Our children and teenagers are dealing with a lot right now – the fallout of a worldwide pandemic, the war on Europe’s doorstep, not to mention the every day stresses of being a kid in Monaco. So how do we help them through it all? Clinical psychologist and children’s author Dr. Regine Muradian gives us some pointers.
Dr. Regine Muradian is a US-based clinical psychologist, children’s author, speaker, consultant and mental health advocate. She grew up in Monaco, and returns to the Principality regularly. Monaco Life caught up with the mother of two during her recent trip to talk about helping kids cope with stress.
Monaco Life: How can parents identify if their kids are stressed? What are the indicators?
Regine Muradian: One of the most important indicators I look at are physical symptoms. Kids don’t always express their emotions. So, the physical indicators are stomach aches, headaches, feeling more withdrawn and isolated… and not doing what they used to like to do. I think one of the big ones is not wanting to go to school. That could also be tied in with issues that are going on at school, like bullying or other stressors.
Coming out of Covid, social anxiety is huge; learning to adjust to being with other kids. I’m also noticing this with teens and adults going back to work, even for parents who are socialising again, reconnecting with others has been quite a challenge.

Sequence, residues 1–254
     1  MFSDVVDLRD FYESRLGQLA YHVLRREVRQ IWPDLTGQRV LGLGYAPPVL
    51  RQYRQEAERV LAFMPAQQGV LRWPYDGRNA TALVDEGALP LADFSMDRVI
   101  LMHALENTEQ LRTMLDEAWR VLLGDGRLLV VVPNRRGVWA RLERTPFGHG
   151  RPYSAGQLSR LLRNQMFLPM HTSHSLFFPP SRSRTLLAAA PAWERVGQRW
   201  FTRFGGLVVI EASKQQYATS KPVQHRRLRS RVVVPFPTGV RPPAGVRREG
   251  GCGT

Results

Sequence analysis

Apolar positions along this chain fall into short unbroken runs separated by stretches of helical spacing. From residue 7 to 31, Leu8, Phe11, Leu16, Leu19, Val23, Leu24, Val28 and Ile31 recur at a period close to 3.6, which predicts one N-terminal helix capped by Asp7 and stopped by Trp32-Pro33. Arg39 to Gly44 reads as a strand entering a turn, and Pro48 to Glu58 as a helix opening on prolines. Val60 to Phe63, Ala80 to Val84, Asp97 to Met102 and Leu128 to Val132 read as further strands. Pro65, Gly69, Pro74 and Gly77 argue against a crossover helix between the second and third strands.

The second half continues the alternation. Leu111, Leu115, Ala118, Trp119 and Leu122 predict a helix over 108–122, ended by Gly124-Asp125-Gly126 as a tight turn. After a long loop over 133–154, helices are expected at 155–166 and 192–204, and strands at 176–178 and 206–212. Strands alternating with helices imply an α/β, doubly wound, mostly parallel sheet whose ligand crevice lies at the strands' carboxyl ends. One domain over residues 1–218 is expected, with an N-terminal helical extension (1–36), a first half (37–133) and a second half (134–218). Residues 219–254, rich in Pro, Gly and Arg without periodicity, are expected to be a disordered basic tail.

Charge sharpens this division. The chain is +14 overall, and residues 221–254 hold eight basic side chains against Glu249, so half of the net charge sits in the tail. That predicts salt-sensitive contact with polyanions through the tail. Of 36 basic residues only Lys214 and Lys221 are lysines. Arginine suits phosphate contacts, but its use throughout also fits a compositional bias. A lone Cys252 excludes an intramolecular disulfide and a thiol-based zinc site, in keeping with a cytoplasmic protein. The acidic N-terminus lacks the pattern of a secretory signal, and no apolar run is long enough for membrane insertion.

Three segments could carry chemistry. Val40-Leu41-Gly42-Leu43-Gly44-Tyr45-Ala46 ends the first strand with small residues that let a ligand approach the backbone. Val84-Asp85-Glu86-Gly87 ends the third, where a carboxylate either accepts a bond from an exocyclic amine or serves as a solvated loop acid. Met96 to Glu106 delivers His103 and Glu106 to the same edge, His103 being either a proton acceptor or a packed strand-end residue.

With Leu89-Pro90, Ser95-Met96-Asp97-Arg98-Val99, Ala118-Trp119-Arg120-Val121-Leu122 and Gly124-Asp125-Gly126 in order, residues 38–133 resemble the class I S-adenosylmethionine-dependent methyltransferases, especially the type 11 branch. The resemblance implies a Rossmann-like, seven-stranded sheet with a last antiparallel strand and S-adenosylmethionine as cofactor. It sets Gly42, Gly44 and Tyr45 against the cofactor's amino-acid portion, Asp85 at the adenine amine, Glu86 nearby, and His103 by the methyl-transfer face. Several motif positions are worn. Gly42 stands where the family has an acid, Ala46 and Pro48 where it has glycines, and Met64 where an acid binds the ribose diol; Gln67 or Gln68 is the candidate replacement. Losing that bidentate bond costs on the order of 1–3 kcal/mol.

Then you have emotions. This is why I wrote my book, Frankie and the Worry Bees, which is all about teaching kids to express emotions, but also teaching parents to start the conversations in terms of communication skills, asking open ended questions, and not telling but asking. This is anything from “How was your day?” and “How are you feeling?”, to “How are you doing?”. So, parents aren’t telling them what to do, they’re validating and listening to their feelings. This is one of the most crucial parts.
There is a lot for kids to process at the moment. Do you think they get enough support at school or should parents look for outside help?
It’s happening everywhere. Some schools have support and some don’t. Some have school psychologists, some don’t.
There is a lot of improvement that can be done, especially in Monaco, in terms of creating and opening up to these conversations, because kids in general are not going to raise their hands and say, “I’m struggling. I’m overwhelmed. I can’t finish my homework”. It comes back to the parent to teach these skills, to see the physical signs and bridge the gap. I think this is happening all over the world.
There’s always a need to teach them how to communicate emotions.
Kids in Monaco have the added pressure of living up to the expectations of successful parents and families. How can we recognise and counter that?
This ties into personal success. There’s two parts to this: go back to basics – there are introverts and extroverts. The introverts internalise emotions and tend to go with the flow and not really share how they feel, while extroverts are super open and will share everything. In terms of success, with parents who are goal driven, the beauty is the child will go one of two ways – they will either do the opposite because they feel they will never meet those expectations, or they will be inspired and watch their parents as role models.
When I started writing, my kids saw me write and travel and do different things. As a parent, I never pushed them to do the same. I don’t have those high expectations. But what I’ve noticed is that my daughter, who is 16, just wrote a piece for the LA Times. She wants to be a screenwriter, and she’s been writing all these pieces but not telling me. I found out later. Its learning by example.